## Sliding mode controller design

### Nonlinear ARX model for wood drying prediction

Wood moisture content mainly depends on the dry-bulb temperature and EMC during wood drying, which are controlled by the three valves, i.e., heater, sprayer and damper. Nonlinear ARX model uses the historical data of the three valves to predict the future data of the dry-bulb temperature and the EMC. In the experiment, the operative mode of the three valves was taken as inputs, and the dry-bulb temperature and the EMC measured by sensors installed in the kiln were regarded as outputs of the prediction model.

*u*(

*t*) and

*y*(

*t*) are the input and the output of the model,

*f*(

*y*(

*t*)) and

*h*(

*u*(

*t*)) are the nonlinearized static functions,

*f*(

*t*) is a nonlinear function that maps the output of the linear block to the system output,

*h*(

*t*) is a nonlinear function transforming input data

*u*(

*t*),

*v*(

*t*) is the disturbance of the model, and

*a*

_{ i }and

*b*

_{ j }represent the autoregressive parameters.

### Sliding mode controller design

*x*(

*k*) = [

*x*

_{1}(

*k*),

*x*

_{2}(

*k*)].

*r*(

*k*) is position function, and its change rate is d

*r*(

*k*). Let

*R*= [

*r*(

*k*); d

*r*(

*k*)],

*R*1 = [

*r*(

*k*+ 1); d

*r*(

*k*+ 1)]. Linear extrapolation method is employed to predict

*r*(

*k*+ 1) and d

*r*(

*k*+ 1),

*s*is designed as

*C*

_{e}= [

*c*1], and

*c*>0. According to Eqs. (2) and (4),

*s*= 0. The proposed control law is given by the following equation,

*q*, *eq* and *c* are the three parameters in SMC based on exponent approach law. *q* is the main factor influencing the dynamic transition. The switching function *Ce* that affects the stability and response time is determined by the value of sliding surface parameter *c*. Gain parameter of the sign function *eq* is employed to avoid perturbation and external disturbance. There is a disadvantage of exponent control law in that the phase locus of the system always chatters near the origin point. The chatter may stimulate unstable system dynamics, degrading the overall control performance in real-time implementations. Variable rate approach law is introduced to improve the system performance, which ensures that the phase locus reaches the origin point.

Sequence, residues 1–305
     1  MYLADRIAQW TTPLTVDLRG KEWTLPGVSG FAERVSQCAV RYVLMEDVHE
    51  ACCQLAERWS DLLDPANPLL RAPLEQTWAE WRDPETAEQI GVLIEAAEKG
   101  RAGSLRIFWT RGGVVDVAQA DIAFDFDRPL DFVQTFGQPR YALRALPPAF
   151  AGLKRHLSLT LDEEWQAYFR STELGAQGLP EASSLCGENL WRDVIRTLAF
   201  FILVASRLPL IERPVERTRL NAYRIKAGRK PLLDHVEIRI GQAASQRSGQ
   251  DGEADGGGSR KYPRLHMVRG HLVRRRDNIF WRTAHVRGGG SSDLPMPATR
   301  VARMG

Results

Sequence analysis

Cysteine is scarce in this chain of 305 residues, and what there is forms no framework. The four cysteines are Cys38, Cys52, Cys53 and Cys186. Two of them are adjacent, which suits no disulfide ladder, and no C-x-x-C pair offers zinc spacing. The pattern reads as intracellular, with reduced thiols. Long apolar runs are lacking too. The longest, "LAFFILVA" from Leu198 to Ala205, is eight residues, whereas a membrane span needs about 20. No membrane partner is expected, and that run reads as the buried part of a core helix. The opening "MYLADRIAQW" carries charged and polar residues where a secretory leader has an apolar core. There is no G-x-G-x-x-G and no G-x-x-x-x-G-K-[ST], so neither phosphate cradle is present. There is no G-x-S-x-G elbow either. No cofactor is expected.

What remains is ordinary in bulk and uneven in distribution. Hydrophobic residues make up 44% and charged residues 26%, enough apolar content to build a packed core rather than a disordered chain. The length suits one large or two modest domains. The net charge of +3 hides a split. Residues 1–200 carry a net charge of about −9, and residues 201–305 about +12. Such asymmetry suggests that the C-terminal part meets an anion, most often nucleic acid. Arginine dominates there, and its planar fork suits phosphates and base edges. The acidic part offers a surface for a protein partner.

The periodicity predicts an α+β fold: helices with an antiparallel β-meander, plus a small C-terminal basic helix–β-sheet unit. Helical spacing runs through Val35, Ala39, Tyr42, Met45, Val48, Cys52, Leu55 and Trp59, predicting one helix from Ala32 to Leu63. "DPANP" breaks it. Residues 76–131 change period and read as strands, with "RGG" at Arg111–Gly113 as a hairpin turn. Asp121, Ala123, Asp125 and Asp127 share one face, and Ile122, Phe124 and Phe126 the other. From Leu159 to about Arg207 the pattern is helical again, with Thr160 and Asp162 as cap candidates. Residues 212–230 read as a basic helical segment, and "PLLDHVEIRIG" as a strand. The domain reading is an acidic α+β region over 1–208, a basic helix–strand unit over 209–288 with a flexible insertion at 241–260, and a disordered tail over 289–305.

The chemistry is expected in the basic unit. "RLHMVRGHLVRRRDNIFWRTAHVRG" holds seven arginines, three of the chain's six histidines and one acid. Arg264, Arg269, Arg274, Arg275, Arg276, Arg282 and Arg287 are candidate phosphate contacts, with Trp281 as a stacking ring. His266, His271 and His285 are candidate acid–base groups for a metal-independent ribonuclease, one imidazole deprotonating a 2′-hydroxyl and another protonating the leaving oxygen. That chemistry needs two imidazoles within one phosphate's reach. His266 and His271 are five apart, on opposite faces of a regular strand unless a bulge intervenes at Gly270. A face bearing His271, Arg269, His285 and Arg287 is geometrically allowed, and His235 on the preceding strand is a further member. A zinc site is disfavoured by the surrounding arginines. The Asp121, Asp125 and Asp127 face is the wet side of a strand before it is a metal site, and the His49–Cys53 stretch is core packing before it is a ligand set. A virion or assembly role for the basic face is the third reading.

Substitute Eq. (9) into Eq. (6), the variable rate approach control law is obtained,

## Simulation results

^{®}. To verify the effectiveness of the sliding mode control algorithms, the initial dry-bulb temperature and EMC were set at 40 °C and 15%, and the reference dry-bulb temperature and EMC were set at 60 °C and 8.5%, respectively. The simulation results for the two sliding mode control laws proposed are shown in Figs. 3, 4 and 5.

*eq*= 1,

*eq*= 10 and

*eq*= 30 when

*c*= 3,

*q*= 40. The response time is 33 s, and the overshoot is 6.23% with eq = 1. The control outputs chatter near the reference signal with

*eq*increases

*(eq*= 10 and

*eq*= 30). Figure 1b shows the simulation results of VRA-SMC with

*c*= 4,

*c*= 3 and

*c*= 2 when

*eq*= 1. It can be observed that the response time is shortest with c = 2 and longest with c = 4, the overshoot is smallest with

*c*= 3 and largest with

*c*= 1.

Comparison of the control indices of the dry-bulb temperature controllers

Controller | Control parameters | Control indices | |
---|---|---|---|

EA-SMC |
| Overshoot (%) | Stable time (s) |

1 | 6.23 | 33 | |

10 | – | – | |

30 | – | – |

VRA-SMC |
| ||
---|---|---|---|

4 | 4.77 | 66 | |

3 | 1.56 | 24 | |

2 | 3.5 | 10 |

Figure 4 is the switching function of dry-bulb temperature using exponent approach law (*c *= 3, *q *= 40, *eq *= 10) and variable rate approach law (*c *= 3, *eq *= 1). With regard to the switching function chattering, compared with EA-SMC controller, there is a substantial chattering reduction using VRA-SMC controller.

*q*= 30,

*q*= 20 and

*q*= 10 when

*c*= 1 and

*eq*= 1. It can be appreciated that the controller presents the shortest response time and the smallest overshoot with

*q*= 20. The system response has a largest overshoot with

*q*= 30. The response time with q = 30 and q = 10 is the same. Figure 5b shows the control signal obtained from VRA-SMC with

*c*= 1,

*c*= 1.05 and